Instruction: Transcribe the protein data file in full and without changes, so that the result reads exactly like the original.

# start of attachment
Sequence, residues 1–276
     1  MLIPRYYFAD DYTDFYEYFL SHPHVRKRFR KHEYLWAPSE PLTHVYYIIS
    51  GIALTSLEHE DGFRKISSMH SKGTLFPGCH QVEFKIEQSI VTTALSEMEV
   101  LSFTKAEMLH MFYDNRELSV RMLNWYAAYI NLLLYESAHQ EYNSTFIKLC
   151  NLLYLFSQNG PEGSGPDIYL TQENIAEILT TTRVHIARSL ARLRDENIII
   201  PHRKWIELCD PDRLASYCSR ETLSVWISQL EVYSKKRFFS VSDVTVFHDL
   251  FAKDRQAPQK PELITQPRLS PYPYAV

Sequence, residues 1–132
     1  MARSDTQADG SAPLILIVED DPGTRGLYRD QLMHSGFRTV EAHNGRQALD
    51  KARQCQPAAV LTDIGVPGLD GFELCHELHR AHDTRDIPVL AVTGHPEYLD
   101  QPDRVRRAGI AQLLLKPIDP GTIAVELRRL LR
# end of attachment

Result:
Sequence, residues 1–276
     1  MLIPRYYFAD DYTDFYEYFL SHPHVRKRFR KHEYLWAPSE PLTHVYYIIS
    51  GIALTSLEHE DGFRKISSMH SKGTLFPGCH QVEFKIEQSI VTTALSEMEV
   101  LSFTKAEMLH MFYDNRELSV RMLNWYAAYI NLLLYESAHQ EYNSTFIKLC
   151  NLLYLFSQNG PEGSGPDIYL TQENIAEILT TTRVHIARSL ARLRDENIII
   201  PHRKWIELCD PDRLASYCSR ETLSVWISQL EVYSKKRFFS VSDVTVFHDL
   251  FAKDRQAPQK PELITQPRLS PYPYAV

Sequence, residues 1–132
     1  MARSDTQADG SAPLILIVED DPGTRGLYRD QLMHSGFRTV EAHNGRQALD
    51  KARQCQPAAV LTDIGVPGLD GFELCHELHR AHDTRDIPVL AVTGHPEYLD
   101  QPDRVRRAGI AQLLLKPIDP GTIAVELRRL LR